The Film 300 and Historical Accuracy

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The Film 300 and Historical Accuracy
Using the handouts from class, the documentary film “Last Stand of the 300” (you can find it on youtube) and the following website ( determine which parts of 300 were true and which were false.

  • How to use the website:

    • Scroll down and search for the information you are looking for by only looking at information under the heading 3) The Military Conflict: Separating Fact from Fiction

Scenes from 300

(Describe what happened)

What really happened (or might have happened)

So would you consider this movie scene true or false? A little of both? Explain why or you get zero points.

King Leonidas’ test in his military training is to kill a wolf in the woods.

Women spoke their minds in politics, gave advice to their husbands, and spoke openly to foreign men.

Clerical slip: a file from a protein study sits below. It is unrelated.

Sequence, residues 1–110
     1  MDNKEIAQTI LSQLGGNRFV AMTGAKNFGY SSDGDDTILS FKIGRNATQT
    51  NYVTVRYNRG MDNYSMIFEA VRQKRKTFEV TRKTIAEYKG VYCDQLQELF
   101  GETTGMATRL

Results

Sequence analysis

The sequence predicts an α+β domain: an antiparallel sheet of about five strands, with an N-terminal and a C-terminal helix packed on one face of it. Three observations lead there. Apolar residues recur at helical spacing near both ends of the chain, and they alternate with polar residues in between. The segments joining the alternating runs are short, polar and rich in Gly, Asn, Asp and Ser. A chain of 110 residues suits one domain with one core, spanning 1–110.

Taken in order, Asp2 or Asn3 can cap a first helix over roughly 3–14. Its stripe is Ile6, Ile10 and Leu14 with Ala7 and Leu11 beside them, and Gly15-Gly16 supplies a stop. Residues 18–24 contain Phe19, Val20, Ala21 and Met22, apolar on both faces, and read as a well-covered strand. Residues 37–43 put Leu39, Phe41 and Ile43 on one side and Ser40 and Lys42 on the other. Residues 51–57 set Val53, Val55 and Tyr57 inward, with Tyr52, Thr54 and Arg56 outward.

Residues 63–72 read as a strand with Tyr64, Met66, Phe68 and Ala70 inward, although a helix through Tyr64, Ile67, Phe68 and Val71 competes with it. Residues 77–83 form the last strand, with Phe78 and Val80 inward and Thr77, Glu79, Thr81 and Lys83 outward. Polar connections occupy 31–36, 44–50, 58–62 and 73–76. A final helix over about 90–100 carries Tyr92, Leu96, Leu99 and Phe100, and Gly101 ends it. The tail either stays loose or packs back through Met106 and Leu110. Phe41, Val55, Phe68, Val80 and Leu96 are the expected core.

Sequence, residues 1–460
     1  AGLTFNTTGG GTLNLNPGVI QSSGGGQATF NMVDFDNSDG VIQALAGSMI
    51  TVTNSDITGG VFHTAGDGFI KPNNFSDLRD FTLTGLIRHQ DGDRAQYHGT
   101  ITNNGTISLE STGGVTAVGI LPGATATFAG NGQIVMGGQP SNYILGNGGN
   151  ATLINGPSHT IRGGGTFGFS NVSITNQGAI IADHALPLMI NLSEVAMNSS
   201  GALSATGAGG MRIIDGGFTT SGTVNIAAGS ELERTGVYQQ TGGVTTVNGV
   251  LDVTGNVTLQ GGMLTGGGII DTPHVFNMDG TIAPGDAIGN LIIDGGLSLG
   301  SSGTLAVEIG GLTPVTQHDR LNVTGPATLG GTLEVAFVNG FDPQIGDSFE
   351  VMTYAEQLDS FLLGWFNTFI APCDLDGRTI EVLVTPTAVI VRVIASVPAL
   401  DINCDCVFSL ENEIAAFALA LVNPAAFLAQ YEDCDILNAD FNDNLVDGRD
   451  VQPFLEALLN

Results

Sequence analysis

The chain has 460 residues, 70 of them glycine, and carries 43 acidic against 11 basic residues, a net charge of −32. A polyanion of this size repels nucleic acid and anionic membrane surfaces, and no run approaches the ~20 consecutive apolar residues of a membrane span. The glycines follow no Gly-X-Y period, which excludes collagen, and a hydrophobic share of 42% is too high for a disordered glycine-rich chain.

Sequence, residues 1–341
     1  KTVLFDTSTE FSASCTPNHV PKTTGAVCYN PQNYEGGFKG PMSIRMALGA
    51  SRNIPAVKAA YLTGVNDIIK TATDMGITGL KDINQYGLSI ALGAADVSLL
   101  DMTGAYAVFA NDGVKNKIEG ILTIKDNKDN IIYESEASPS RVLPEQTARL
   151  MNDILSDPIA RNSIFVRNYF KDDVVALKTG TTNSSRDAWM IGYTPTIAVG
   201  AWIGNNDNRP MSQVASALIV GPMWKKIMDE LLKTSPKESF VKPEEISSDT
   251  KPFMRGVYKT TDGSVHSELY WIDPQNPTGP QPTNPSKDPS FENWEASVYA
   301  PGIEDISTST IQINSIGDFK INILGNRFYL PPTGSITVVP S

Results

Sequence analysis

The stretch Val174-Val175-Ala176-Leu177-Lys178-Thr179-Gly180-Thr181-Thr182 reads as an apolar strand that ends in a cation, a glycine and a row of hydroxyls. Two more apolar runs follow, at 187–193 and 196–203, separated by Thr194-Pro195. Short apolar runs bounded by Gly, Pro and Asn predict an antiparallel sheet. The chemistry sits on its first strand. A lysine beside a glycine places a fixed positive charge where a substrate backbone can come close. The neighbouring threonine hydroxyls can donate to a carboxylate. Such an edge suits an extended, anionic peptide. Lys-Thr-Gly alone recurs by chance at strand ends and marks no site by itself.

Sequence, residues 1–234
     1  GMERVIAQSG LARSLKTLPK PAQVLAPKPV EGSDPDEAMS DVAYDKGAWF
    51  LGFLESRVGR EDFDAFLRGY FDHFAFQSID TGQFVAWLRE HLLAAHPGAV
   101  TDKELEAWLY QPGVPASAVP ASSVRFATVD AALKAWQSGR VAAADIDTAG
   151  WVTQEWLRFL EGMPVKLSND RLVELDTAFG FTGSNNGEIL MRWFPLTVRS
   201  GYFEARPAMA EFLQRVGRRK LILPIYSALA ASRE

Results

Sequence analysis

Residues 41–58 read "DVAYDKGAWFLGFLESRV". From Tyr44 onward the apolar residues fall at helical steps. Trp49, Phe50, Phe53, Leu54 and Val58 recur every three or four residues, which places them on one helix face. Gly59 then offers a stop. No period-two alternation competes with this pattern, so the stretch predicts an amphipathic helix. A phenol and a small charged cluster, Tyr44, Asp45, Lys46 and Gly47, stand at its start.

Xerxes, king of Persia, sent a messenger to Leonidas, King of Sparta. The Messenger brought skulls of dead kings and threatened Sparta with losing to Persia.

Leonidas asks the Ephors for permission to consent to fight Persia.

The Ephors were mutants who had to be bribed by King Leonidas to let him go to war.

The Gerousia would have tried to stop Leonidas from going to war because the Ephors said he couldn’t.

At the battle, there were 300 Spartan soldiers and 1500 Acadian soldiers.

The Spartans fighting style is mixed martial arts and the use of a military formation called a Phalanx where the soldiers stand shoulder to shoulder and fight as one unit.

Xerxes was 9 feet tall and of African descent.

The Persian army had an elite fighting force called the Immortals who were physically deformed and wore East Asian looking armor.

The Persians used large animals like Rhinoceros and Elephants in battle.

No. Not imported/utilized until the 4th century for those cultures.

The Persians had technology similar to a hand grenade, clay jars filled with something explosive.

This is not true. Any type of technology similar to this came from China (since the Chinese invented gun powder) and they did not weaponize it until the 9th century AD (1000 years after this battle).

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